Author: Jean Lorrain

Jean Lorrain, born Paul Alexandre Martin Duval, was a novelist, critic, and dramatist, and one of the most conspicuously Decadent figures of fin-de-si├Ęcle France. Masks and disguises are recurring themes in his work, as is Parisian low life, satanism, ether, homosexuality, and the aristocracy. In 1897, he wrote Monsieur de Bougrelon, and shortly after, Lorrain left Paris to live in Nice. His stay at the Riviera began an intense period of creativity. In 1901, he wrote his best-known work, Monsieur de Phocas, which he followed a year later with his fantastical aristocrat saga, Le Vice errant. His health declined due to syphilis and his abuse of drugs, and he died on June 30, 1906, of peritonitis, at the age of fifty. It was rumored that when Lorrain's grave was opened in 1986, the body of "Sodom's ambassador to Paris," as biographer Philippe Jullian called him, still smelled of ether.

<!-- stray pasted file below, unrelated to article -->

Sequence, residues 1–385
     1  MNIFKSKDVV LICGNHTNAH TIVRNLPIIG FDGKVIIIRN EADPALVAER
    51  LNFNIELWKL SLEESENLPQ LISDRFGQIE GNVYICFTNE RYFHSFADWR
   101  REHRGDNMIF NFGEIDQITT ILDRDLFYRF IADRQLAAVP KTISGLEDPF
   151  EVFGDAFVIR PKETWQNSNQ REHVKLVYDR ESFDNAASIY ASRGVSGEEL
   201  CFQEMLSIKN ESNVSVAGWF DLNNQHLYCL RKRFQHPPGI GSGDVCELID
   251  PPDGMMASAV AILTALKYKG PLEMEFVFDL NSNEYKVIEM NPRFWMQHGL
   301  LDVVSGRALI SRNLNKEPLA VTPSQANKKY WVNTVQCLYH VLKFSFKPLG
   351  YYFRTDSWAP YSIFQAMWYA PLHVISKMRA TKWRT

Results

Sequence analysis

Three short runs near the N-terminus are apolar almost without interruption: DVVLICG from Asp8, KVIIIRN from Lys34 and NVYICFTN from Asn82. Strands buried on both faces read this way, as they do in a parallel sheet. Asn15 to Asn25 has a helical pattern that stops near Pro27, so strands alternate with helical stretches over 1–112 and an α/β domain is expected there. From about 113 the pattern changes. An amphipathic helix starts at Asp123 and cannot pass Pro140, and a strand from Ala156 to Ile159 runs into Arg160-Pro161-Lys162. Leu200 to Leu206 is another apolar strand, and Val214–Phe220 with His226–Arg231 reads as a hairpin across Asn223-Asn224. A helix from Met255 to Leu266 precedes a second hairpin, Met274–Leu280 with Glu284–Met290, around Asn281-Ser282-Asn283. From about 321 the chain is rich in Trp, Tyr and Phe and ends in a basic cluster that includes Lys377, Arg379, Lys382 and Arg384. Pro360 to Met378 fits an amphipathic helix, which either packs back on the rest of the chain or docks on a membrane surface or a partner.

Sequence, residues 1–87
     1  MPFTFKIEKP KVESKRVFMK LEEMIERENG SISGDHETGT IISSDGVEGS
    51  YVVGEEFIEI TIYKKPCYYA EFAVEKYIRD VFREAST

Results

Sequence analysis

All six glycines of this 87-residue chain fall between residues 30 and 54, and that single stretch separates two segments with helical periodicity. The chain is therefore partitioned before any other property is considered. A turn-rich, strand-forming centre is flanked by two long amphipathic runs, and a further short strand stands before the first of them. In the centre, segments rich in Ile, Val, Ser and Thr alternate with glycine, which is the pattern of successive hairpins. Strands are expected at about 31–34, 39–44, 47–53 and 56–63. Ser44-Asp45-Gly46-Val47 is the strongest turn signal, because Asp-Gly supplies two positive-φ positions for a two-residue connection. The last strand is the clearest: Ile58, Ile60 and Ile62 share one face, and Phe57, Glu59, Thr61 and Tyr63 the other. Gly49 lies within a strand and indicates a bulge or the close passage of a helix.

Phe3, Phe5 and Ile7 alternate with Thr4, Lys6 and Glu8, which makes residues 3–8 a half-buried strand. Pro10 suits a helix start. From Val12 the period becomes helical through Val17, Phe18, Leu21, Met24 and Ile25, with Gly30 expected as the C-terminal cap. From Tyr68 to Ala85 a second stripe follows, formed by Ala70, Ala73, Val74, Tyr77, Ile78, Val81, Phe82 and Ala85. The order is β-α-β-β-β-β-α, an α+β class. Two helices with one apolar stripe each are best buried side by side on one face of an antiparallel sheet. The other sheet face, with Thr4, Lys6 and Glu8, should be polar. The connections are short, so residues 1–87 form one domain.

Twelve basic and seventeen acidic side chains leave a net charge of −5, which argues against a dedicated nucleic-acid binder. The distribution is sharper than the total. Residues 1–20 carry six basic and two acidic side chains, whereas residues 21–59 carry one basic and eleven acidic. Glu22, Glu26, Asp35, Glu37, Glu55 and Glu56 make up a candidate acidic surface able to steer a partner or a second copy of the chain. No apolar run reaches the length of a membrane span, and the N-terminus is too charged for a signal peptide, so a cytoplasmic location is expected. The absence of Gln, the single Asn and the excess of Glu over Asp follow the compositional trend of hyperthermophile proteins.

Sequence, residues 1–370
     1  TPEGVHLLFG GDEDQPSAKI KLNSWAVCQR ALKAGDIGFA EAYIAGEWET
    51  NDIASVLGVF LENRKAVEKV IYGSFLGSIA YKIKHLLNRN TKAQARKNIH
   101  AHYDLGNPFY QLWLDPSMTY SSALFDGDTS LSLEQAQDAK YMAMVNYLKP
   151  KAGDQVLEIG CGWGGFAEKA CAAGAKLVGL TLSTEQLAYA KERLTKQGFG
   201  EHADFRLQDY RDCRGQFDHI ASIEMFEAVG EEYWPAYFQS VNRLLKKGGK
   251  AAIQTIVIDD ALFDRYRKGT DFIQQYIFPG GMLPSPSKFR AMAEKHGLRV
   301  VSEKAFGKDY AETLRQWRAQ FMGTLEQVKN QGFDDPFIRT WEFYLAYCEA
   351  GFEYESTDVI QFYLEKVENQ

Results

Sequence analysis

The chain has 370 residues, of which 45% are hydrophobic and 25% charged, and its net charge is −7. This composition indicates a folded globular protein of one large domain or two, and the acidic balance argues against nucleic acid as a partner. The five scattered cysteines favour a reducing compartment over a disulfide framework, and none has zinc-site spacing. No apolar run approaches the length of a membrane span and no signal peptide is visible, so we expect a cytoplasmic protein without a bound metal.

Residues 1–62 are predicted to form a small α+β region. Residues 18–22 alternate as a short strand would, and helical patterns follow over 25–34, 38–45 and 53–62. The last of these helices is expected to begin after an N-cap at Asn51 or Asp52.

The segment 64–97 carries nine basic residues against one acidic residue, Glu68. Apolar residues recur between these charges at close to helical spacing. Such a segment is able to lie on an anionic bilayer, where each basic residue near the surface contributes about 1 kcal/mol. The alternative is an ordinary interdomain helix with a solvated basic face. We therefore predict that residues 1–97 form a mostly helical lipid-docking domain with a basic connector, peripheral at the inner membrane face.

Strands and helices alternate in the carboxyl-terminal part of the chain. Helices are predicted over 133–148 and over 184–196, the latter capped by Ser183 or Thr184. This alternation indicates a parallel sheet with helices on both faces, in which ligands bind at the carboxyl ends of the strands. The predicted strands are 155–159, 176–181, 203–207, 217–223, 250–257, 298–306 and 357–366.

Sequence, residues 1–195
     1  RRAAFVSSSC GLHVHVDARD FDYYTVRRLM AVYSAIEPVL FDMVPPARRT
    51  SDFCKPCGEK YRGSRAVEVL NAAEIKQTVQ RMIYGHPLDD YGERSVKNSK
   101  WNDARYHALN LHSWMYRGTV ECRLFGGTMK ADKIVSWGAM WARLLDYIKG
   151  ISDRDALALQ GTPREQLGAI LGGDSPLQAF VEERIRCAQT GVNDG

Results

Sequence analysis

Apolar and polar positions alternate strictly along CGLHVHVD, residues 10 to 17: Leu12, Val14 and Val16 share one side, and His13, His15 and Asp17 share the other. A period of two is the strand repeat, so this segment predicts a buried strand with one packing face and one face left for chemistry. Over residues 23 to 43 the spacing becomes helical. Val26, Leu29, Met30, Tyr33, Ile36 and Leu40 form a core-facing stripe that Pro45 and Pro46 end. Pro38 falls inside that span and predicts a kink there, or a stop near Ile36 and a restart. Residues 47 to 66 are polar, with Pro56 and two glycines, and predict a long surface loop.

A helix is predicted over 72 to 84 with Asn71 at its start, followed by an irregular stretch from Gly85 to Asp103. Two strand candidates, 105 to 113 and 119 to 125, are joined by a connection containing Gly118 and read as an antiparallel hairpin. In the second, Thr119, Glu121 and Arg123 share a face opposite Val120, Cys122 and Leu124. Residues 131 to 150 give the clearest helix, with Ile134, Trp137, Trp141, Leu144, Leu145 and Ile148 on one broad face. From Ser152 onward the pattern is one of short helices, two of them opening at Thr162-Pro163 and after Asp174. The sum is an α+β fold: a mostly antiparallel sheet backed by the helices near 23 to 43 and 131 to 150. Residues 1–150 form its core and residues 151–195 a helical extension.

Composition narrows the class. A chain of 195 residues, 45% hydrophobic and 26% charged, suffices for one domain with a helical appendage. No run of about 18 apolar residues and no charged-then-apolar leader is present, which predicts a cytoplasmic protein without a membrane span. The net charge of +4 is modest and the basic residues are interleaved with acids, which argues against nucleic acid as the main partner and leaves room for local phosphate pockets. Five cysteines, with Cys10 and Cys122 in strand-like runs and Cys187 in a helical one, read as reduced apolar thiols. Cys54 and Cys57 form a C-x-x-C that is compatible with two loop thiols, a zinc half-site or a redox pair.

Monsieur de Bougrelon
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103 Currently In Stock PAPERBACK $14.00 11/1/2016

Monsieur de Bougrelon

Spurl Editions

Fiction. LGBT Studies. French Literature. Translated from the French by Eva Richter. In Jean Lorrain's MONSIEUR DE BOUGRELON, an eccentric, outmoded dandy leads ennui-filled French tourists around misty Amsterdam. Guiding them through sailors' bars,...

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